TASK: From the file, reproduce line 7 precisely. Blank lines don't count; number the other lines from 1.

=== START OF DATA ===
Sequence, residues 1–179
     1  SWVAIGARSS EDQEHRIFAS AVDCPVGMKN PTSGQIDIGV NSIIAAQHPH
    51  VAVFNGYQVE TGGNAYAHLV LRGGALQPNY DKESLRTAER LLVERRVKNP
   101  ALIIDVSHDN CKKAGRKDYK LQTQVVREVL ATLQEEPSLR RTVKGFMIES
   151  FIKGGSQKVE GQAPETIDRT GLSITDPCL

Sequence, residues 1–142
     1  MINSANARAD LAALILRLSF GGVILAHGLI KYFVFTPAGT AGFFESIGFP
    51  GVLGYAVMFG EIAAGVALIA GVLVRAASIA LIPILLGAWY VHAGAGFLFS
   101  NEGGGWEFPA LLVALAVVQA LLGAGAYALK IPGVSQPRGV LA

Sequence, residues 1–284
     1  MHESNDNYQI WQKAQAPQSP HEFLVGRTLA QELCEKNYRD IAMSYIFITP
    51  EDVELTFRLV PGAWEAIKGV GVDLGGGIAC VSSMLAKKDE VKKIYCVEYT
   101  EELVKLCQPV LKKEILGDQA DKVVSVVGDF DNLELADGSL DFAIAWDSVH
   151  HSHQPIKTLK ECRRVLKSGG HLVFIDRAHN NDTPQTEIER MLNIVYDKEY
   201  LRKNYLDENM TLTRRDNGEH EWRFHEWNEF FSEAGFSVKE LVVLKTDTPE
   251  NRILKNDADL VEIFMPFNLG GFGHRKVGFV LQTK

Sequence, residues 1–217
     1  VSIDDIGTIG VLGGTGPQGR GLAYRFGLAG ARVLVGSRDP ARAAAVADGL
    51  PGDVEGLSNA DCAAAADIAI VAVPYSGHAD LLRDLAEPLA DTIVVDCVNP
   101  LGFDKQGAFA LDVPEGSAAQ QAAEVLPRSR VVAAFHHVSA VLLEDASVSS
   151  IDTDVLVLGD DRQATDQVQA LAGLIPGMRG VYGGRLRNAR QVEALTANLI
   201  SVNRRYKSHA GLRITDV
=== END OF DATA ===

     1  MINSANARAD LAALILRLSF GGVILAHGLI KYFVFTPAGT AGFFESIGFP